Finally, five torturous weeks of waiting were over for Justin Johnson.
Johnson donned the cherry and white Saturday for the first time this season after learning last Monday that he was academically eligible to compete for the football team. Right before the Owls charged onto the field before kickoff, Johnson said he stood amidst his teammates and soaked in all he’d missed.
“I felt like I was home,” said Johnson, a senior. “It was just a great feeling, good to be back with the boys. All I wanted to do is just make a statement and do it for the team.”
Seniors JC Braker and Gary Stockman joined Johnson in being reinstated when they were declared eligible Friday.
Since finding out in late August that he was academically ineligible per NCAA regulations, Johnson actively pursued an appeal while continuing to train as if he might play any Saturday.
Wait until next week, he was told when he called the university’s office of Student Services and Compliance. Maybe next week, they’d say when he called back. Just one more week, they’d assure him again.
The news came back less than 48 hours after the Owls suffered an embarrassing 70-7 loss to Bowling Green: Johnson was academically eligible. Plus, due to a possible season-ending injury to defensive end Rodney Wormley, Johnson would have to start immediately in place of strong safety Christian Dunbar, who took over Wormley’s vacant spot.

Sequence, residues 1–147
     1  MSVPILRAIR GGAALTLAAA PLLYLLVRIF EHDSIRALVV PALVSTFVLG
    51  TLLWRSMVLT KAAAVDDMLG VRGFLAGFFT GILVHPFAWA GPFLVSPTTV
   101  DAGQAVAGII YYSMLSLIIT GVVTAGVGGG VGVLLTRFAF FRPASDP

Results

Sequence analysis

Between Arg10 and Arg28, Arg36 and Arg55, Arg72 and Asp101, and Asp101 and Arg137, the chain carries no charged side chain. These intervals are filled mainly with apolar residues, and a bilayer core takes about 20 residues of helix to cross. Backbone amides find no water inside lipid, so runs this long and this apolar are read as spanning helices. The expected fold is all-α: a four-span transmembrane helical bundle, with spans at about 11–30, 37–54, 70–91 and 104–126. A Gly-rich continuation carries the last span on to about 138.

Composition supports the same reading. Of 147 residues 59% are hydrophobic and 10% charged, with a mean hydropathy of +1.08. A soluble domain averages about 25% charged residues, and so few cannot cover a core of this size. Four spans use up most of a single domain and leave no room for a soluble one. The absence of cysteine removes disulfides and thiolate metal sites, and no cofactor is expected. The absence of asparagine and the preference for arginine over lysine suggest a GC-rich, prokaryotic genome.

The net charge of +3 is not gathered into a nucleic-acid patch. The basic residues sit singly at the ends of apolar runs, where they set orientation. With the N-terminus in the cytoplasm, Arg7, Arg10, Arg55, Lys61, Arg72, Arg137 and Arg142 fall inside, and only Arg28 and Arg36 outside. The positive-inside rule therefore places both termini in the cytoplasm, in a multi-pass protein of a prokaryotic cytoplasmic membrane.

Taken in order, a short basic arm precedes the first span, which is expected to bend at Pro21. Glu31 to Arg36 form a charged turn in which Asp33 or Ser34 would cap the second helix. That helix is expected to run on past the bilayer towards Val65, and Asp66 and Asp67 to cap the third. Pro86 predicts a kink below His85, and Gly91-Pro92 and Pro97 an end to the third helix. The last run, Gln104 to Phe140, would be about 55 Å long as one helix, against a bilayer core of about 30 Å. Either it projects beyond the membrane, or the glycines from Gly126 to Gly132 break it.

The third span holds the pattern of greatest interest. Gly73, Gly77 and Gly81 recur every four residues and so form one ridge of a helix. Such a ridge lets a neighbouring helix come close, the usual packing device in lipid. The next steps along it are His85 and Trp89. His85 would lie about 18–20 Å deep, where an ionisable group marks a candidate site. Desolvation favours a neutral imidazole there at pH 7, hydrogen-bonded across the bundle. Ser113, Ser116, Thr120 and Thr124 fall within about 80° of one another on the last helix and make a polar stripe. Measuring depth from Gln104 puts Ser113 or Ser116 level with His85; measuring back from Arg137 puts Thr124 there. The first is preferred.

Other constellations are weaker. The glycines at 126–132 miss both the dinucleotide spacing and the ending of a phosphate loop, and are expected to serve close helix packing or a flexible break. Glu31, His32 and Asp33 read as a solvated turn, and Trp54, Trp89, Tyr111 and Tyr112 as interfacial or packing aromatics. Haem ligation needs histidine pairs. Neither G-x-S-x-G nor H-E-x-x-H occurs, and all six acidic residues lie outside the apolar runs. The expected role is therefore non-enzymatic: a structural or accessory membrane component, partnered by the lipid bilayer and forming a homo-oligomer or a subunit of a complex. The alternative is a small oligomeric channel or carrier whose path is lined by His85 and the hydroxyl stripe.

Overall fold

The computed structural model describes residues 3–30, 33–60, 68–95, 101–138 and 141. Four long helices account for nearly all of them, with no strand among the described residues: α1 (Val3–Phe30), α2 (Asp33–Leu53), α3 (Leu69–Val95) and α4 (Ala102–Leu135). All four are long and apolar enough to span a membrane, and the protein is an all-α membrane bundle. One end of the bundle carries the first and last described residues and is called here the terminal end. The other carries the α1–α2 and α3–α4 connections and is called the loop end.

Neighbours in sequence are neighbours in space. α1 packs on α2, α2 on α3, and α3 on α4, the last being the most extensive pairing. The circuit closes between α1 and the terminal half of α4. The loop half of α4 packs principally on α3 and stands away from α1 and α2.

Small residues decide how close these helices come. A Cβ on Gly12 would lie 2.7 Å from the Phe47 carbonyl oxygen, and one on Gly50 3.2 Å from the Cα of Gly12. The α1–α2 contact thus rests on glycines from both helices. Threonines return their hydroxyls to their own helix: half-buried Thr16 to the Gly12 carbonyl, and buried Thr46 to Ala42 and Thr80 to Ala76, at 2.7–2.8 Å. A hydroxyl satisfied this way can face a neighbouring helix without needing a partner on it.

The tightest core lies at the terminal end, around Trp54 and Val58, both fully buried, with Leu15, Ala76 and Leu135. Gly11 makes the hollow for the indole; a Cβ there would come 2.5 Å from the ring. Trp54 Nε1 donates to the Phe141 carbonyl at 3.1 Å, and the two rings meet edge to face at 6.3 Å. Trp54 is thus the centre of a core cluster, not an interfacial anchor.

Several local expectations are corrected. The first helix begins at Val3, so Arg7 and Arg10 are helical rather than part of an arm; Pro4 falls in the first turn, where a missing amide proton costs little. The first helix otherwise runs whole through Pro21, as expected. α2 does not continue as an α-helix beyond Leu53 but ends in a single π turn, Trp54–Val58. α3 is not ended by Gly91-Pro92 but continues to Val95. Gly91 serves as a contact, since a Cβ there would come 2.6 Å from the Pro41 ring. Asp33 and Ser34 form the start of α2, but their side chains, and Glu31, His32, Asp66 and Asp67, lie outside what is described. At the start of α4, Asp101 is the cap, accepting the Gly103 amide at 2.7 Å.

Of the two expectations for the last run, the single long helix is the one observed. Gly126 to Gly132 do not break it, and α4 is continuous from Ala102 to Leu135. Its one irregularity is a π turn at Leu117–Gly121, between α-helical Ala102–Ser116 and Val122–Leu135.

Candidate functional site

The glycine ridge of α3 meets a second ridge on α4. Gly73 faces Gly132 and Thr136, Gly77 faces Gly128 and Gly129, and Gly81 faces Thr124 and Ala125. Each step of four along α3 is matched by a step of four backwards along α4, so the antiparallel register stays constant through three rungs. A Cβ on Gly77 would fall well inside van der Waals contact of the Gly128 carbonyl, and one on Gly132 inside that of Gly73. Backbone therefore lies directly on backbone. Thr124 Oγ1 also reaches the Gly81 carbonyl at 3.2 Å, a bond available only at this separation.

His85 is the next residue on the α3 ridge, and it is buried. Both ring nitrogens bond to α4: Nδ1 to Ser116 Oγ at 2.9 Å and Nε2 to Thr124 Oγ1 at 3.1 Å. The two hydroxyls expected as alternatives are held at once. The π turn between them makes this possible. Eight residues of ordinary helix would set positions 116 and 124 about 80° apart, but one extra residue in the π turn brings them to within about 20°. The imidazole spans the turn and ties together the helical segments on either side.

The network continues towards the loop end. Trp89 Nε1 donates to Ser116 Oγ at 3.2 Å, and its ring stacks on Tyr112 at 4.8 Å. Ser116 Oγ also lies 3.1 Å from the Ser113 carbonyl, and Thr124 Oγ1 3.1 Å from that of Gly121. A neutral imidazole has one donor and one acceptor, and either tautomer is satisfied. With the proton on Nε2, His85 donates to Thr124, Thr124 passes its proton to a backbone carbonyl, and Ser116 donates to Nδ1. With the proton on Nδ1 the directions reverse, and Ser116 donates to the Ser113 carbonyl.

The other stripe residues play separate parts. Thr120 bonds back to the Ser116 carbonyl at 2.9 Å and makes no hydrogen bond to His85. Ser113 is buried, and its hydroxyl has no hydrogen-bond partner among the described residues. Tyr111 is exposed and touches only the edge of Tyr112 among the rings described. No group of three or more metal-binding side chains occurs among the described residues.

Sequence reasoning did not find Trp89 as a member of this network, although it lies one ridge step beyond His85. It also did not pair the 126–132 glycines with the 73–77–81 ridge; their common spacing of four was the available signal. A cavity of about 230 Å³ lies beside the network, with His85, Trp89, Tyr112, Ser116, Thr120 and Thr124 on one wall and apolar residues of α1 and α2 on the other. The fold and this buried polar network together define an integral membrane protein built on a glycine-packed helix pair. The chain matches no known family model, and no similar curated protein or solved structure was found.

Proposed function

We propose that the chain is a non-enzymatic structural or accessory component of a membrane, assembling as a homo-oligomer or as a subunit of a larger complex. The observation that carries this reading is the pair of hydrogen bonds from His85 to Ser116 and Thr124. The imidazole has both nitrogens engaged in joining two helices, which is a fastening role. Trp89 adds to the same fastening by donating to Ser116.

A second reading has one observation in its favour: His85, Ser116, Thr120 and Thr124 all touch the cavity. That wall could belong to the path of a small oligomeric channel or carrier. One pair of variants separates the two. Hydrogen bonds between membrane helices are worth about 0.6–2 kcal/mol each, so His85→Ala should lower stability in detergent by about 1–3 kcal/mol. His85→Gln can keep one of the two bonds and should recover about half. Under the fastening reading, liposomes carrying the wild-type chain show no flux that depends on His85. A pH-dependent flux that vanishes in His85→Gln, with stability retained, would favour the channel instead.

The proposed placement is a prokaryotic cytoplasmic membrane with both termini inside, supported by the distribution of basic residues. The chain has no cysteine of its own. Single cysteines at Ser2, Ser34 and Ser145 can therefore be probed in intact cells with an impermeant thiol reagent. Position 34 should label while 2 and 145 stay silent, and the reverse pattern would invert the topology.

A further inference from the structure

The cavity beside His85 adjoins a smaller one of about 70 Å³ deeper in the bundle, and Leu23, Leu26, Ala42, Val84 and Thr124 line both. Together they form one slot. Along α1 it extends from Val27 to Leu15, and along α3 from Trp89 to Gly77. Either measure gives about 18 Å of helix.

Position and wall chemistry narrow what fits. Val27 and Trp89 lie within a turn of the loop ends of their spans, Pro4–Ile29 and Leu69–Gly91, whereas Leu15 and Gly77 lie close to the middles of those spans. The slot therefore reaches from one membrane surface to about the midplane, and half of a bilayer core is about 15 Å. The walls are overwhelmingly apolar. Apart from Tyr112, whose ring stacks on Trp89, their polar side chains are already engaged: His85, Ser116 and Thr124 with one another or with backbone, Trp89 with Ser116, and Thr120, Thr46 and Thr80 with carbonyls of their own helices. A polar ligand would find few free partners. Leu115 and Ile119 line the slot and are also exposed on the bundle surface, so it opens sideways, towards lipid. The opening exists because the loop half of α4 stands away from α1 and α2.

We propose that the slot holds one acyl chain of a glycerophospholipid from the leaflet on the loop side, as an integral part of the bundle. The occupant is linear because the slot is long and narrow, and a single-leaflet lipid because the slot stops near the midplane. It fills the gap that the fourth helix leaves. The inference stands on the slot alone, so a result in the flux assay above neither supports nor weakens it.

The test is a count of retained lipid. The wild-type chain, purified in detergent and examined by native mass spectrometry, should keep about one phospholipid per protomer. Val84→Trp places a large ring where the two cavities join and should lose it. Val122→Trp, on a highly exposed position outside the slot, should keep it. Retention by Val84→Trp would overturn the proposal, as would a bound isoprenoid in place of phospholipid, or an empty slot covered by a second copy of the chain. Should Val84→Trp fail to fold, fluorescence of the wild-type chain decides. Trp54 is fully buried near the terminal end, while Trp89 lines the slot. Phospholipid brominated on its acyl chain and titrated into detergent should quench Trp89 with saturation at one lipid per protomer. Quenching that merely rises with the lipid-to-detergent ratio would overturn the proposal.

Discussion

Riding a wave of adrenaline, Johnson made the very first tackle of the game, pulling down Maryland’s Jo Jo Walker on the opening kickoff. He then tackled Terrapins wideout Derrick Fenner on the first play from scrimmage.
Jumping back into the fray would not have been easy if Johnson hadn’t stayed ready to play while he was ineligible, senior defensive end Mike Mendenhall said.
“He stayed in shape, he worked out,” Mendenhall said. “His face was around the whole season, at meetings, in the weight room, and that enabled him to come in and play [Saturday].”
After the game, Johnson’s excitement was tempered by the Owls’ 38-7 beating at the hands of the Terps.
“It felt good to be back; I felt like I could’ve been doing this since Arizona State [Week 1],” Johnson said. “But in the big aspect, we didn’t win, so it didn’t feel too good.”
There was some rustiness on the first series, Johnson admitted, but he shook it off and was eager to make hits. He spent five weeks watching helplessly, and five games remain for him to try to make a difference.
Ben Watanabe can be reached at email@example.com.